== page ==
What is diabetes?
Diabetes is a group of metabolic diseases in which a person’s blood sugar levels are too high, caused by failure of the body to either produce insulin (type-1 diabetes) or respond to it (type-2 diabetes). It is becoming increasingly common, with 11 per cent of Americans over 20 years of age now estimated to have the disease.
Type-1 diabetes normally develops in childhood as the result of an autoimmune disorder where the body destroys its own insulin-producing cells. Type-2 diabetes usually develops in adults, although the age at which it develops is coming down (Koopman et al. 2005).
The rise in incidence of type-2 diabetes is generally attributed to an aging population and changes in modern lifestyle such as reduced physical activity and eating more foods high in animal fats. However, researchers are beginning to find consistent correlations between increased risk of type-2 diabetes and exposure to persistent organic pollutants (POPs) such as DDT, PCBs and dioxins (Carpenter 2008, Lee et al. 2010).
Because diabetes is an autoimmune disease, can be brought on by obesity, and is a disorder of insulin resistance, then any chemicals which contribute in some way to increased risk of any of these problems may also be contributing in some way to increasing rates of diabetes. Animal studies are showing links between a range of chemicals in the environment and the development of these problems.
Which chemicals are a problem?
Contaminants associated with diabetes in humans include some air pollutants, nitrate/nitrite/N-nitroso compounds, bisphenol A, cadmium, some pesticides, some persistent organic pollutants (including dioxin and PCBs), some flame retardants, selenium and phthalates (Thayer et al 2012).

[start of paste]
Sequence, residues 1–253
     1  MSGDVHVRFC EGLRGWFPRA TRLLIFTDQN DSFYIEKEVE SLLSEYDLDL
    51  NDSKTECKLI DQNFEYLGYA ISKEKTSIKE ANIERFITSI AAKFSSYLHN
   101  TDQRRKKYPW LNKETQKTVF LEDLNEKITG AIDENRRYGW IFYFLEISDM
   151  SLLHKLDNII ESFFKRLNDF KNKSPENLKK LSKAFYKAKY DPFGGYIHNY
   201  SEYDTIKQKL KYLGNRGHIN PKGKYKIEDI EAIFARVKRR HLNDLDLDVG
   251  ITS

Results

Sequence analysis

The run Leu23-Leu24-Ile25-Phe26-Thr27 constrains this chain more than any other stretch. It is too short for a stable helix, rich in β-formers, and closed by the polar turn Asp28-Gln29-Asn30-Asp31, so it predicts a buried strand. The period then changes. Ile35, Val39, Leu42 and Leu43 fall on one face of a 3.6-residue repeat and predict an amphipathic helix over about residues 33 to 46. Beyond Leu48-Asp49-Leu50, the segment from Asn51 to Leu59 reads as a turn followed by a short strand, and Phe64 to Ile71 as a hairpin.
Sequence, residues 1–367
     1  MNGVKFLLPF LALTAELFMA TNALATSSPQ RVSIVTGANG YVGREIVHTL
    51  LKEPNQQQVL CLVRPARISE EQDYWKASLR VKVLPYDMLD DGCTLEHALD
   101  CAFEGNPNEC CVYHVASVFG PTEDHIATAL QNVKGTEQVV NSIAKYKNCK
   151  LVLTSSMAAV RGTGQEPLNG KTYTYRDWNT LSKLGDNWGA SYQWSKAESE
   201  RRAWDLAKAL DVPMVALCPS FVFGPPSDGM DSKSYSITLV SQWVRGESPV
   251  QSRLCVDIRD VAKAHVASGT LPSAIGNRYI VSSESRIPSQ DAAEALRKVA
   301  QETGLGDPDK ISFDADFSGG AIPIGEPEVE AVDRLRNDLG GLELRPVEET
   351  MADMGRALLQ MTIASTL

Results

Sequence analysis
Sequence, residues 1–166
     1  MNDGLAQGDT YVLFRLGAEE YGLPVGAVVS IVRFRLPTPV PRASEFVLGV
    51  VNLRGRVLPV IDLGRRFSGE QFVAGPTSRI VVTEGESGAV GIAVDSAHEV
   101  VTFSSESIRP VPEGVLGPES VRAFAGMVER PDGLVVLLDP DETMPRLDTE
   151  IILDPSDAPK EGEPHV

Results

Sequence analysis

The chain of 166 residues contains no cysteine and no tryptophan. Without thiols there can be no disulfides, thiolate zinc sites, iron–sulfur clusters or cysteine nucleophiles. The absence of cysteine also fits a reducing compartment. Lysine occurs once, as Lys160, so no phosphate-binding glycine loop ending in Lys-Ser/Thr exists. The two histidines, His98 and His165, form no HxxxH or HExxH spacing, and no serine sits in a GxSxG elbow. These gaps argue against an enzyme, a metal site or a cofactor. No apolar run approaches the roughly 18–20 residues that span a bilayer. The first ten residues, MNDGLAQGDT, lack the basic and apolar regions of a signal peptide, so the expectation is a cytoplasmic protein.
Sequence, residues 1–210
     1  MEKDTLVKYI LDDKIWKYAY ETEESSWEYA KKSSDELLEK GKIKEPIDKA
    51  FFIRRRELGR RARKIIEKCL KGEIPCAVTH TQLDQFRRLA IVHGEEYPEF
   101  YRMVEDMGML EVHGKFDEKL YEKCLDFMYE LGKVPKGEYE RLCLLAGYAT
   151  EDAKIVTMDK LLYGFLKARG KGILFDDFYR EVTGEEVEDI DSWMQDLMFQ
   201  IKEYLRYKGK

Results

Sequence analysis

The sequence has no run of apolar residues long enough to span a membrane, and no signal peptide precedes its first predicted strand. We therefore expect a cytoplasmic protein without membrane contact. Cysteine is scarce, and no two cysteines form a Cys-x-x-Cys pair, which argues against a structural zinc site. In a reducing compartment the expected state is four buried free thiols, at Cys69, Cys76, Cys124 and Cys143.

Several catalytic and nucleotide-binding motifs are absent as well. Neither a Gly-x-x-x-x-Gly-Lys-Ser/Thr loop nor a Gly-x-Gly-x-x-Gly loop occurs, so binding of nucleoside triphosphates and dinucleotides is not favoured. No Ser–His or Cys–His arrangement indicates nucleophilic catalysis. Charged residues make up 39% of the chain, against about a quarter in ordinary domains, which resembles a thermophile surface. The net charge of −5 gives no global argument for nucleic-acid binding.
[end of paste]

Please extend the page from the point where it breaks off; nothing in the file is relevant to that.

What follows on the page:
Some air pollutants, bisphenol A, some persistent organic pollutants (including PCBs) and some pesticides have been found to promote insulin resistance in animals. Air pollutants, bisphenol A, some persistent organic pollutants (including PCBs), some phthalates, some heavy metals, some pesticides and solvents have been found to increase weight gain in animals.
Since many of these chemicals, especially PCBs, flame retardants and dioxins, are produced in electronics waste streams, reducing the use of chlorinated plastics and halogenated compounds is important in electronic goods.
Chemicals as an emerging risk factor in developing type-2 diabetes: a short history. An account of how evidence has emerged in the last 10 years connecting exposure to background levels of POPs and risk of onset of type-2 diabetes.
Two New Reasons to Worry about Air Pollution: Obesity and Diabetes. Forbes covers the controversy over the decision in the US to delay imposition of smog controls, in the context of concern that air pollution may increase risk of obesity and diabetes, two of the biggest public health issues the country faces.
Selection of references
Carpenter DO. Environmental contaminants as risk factors for developing diabetes. Rev Environ Health. 2008 Jan-Mar;23(1):59-74. Review. PubMed PMID:18557598.
Lee DH, Steffes MW, Sjödin A, Jones RS, Needham LL, Jacobs DR Jr. Low dose of some persistent organic pollutants predicts type 2 diabetes: a nested case-control study. Environ Health Perspect. 2010 Sep;118(9):1235-42. Epub 2010 May 5. PubMed PMID: 20444671; PubMed Central PMCID: PMC2944083.
Koopman RJ, Mainous AG 3rd, Diaz VA, Geesey ME. Changes in age at diagnosis of type 2 diabetes mellitus in the United States, 1988 to 2000. Ann Fam Med. 2005 Jan-Feb;3(1):60-3. PubMed PMID: 15671192; PubMed Central PMCID: PMC1466782.
Thayer KA, Heindel JJ, Bucher JR, Gallo MA. Role of Environmental Chemicals in Diabetes and Obesity: A National Toxicology Program Workshop Report. Environ Health Perspect. 2012 Feb 1. [Epub ahead of print] PubMed PMID: 22296744.
US Department of Health and Human Services. National Diabetes Statistics 2011. Retrieved 24 February 2012 from http://diabetes.niddk.nih.gov/DM/PUBS/statistics/.